By now, nearly everyone in the evangelical community everyone has at least some small concern about the state of modern worship, among those are charges that it’s too cliched, too simple, too rockish, too sexual, or too vapid. But as we sing about “the air we breathe” and the “moves we make,”—not to mention the ubiquitous references to seas, storms, mountains, stars, and suns—one would expect a more powerful ripple of restlessness to be making its way through congregations and worship music-purchasers everywhere. When music sold on the premise that it either reflects, conveys, or enhances the spirit of God becomes so profoundly unaffecting, one must ask: are there certain ideas, images, and phrases—even ones taken from Scripture—that can no longer achieve their purpose? And if so, what are we to do with them?

Presuming that a songwriter’s job description includes discovering melody, rhythm and words to express emotions and ideas, his calling obviously goes beyond the practice of rewriting Psalms in simple English. Not only must the songwriter sense the movement of God that they hope to translate and share, but they must do so to an unusually sensitive extent—to the point that the movement can only be adequately conveyed (and even then not completely) through music and lyrics. If that’s what a true songwriter does, we can safely say that the modern church doesn’t have many of them.

It is also safe to say that, much like propagandistic slogans and facts recited by rote, modern Christian imagery has become the sort of religious “code language” of our time, holding a position as the unspoken requirement for being significantly spiritual or “church-friendly.” Or on occasion even “relevant,” but that’s another magzine entirely.

It might be cliched to say so, but Jesus hardly bowed down to accepted religious terms and doctrines so that he could gain respect in the temple. Instead, he challenged people and offended the institutional church so much that it rose up against him. He said things like, “If anyone wants to come after Me, let him deny himself, and take up his cross daily, and follow Me.” And “This people honor Me with their lips, But their heart is far away from Me. But in vain do they worship Me, Teaching as doctrines the precepts of men.”

And maybe the ancient religious-speak he condemned was something like the language that now pervades modern evangelicalism. God’s greatness is praised, but only with metaphors so threadbare and skin deep that they undercut the majesty they attempt to convey. We fail, to any casual observer, to give any indication that we find his greatness worthy of excellent praise.

Simple songs and straightforward lyrics certainly have their place in today’s Christian churches and homes, but exclusive exposure to artless lyricism is somewhat like endlessly reading reviews of music without ever experiencing music itself. And perhaps we also forget that we are made in His image which should, after all, mean that we are pursuing and imitating God—conclusion that experiencing modern worship would rarely lead one to draw.

Western culture is famous for its desire to for leisure and luxury, where the individual minimizes all possible infringements upon his personal comfort. But what does the carrying of that philosophy into worship lyrics say about our interest in God’s nature? All parts of scripture speak of a God who is majestic, dangerous, frightening, and powerfully beautiful. But when most lyrics written about him are ignorant of such things, it seems that their writers at best are unfamiliar with God’s deep and intricately textured nature, and at worst deny its existence. Christianity’s culturally-influenced desire to be comforted instead of challenged—apparently responsible for many of these songs—seem to inform God that we’re quite content with what we have decided we know about him, and have no further need to search (and be searched by) Him.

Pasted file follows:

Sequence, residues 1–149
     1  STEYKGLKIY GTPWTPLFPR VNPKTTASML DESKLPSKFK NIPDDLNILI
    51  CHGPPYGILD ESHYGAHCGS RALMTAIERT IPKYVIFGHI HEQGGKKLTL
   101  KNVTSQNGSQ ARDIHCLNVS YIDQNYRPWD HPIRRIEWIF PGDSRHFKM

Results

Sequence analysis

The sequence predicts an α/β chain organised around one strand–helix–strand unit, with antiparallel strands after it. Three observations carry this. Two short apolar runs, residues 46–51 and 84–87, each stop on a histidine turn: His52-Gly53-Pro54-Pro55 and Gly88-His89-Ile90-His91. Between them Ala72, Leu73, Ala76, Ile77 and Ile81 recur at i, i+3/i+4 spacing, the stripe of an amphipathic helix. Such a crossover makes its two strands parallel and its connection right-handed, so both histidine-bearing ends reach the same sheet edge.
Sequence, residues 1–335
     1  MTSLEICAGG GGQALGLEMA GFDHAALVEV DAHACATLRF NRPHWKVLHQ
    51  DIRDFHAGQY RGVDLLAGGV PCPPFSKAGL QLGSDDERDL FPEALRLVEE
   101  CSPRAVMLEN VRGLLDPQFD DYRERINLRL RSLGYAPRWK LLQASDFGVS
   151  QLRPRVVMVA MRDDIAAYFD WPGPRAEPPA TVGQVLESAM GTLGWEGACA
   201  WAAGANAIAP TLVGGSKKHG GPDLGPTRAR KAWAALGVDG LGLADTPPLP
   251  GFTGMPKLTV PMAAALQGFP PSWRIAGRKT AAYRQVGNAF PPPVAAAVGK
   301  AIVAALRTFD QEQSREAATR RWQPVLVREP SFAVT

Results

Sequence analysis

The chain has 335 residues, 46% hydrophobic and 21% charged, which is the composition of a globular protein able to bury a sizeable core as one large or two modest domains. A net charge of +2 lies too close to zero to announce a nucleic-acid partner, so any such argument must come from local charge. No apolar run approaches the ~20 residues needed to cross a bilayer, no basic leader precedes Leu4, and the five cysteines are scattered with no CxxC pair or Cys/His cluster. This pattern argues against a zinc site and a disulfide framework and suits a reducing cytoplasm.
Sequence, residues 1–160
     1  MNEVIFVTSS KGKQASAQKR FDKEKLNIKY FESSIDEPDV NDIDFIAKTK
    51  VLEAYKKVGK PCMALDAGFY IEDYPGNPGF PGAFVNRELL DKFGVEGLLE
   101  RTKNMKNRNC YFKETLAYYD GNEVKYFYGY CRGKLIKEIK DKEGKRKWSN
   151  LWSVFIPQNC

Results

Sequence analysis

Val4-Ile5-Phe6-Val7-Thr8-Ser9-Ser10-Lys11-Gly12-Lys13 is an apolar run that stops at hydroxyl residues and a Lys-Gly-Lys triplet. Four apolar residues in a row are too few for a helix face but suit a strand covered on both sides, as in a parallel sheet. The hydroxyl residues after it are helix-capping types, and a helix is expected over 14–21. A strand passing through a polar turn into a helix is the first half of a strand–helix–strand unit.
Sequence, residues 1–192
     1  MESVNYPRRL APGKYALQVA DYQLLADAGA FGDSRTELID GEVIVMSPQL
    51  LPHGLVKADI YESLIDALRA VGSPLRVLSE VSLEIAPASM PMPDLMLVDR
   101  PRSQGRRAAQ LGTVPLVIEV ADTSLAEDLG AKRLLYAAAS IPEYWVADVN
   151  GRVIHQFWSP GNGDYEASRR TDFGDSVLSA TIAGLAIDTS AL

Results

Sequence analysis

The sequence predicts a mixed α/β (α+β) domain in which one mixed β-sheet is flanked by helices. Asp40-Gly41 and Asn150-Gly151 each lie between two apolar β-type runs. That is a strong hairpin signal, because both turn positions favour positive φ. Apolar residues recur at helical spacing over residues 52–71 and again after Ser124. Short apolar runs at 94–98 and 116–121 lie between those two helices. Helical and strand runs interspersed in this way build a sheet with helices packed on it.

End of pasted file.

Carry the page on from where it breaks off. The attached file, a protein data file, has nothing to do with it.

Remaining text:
At the center of the empty space is an unwillingness, beyond throwaway phrases that reference weakness, to lyrically approach the problem of evil. While worship should generally focus on the grand aspects of God’s character, it cannot effectively do so without acknowledging the fall, without an admission that weakness exists and, more crucially, that we are filled with it. The absence of that confession is revealed in weak songwriting, as dangerous openness and honest confession is the lifeblood of the greatest, most true works of art. If an artists does not believe his own words—has not all but penned them in his own blood—then neither will those who are to participate in his creation.

For now, the true embrace of the depths remains on the fringes and outside of the church. Take The Innocence Mission’s “Lakes of Canada,” a subtly honest and moving song: “Oh laughing man/What have you won/Don’t tell me what cannot be won/My little mouth, my winter lungs/Don’t tell me what cannot be done … Rowing on the lakes of Canada.” There is not a religious term to be found, but its purpose is stark, icy, and inescapable. “I am a whore I do confess/I put you on just like a wedding dress/And run down the aisle/Run down the aisle,” Derek Webb sings, and as much as the song hurts, it’s also full of hope. We need songs like this: incisive, convicting, difficult to hear. It is certainly not the stuff of a culture that loves angels and heaven but is disturbed by darkness and judgment.

The true meaning of worship is “to bow down.” That’s when we truly glorify God, not so much when we’re singing of how wonderful He is, but instead when we actually present our weakness to him and revel in the power of his tangible, everyday redemption. There are certainly times when we should simply enjoy the presence and greatness of our God, but those times are made sweeter by the moments of struggle, pain, and doubt.

About The Author

Tim Zila

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